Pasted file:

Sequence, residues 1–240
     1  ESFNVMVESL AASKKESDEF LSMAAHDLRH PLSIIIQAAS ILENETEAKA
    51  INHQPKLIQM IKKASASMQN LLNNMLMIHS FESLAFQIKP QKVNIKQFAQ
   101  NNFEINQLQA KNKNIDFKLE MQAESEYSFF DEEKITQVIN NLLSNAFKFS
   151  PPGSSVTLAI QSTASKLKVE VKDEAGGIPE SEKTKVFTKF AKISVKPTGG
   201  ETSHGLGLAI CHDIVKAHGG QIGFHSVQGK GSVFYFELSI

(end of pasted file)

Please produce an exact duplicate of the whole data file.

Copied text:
Sequence, residues 1–240
     1  ESFNVMVESL AASKKESDEF LSMAAHDLRH PLSIIIQAAS ILENETEAKA
    51  INHQPKLIQM IKKASASMQN LLNNMLMIHS FESLAFQIKP QKVNIKQFAQ
   101  NNFEINQLQA KNKNIDFKLE MQAESEYSFF DEEKITQVIN NLLSNAFKFS
   151  PPGSSVTLAI QSTASKLKVE VKDEAGGIPE SEKTKVFTKF AKISVKPTGG
   201  ETSHGLGLAI CHDIVKAHGG QIGFHSVQGK GSVFYFELSI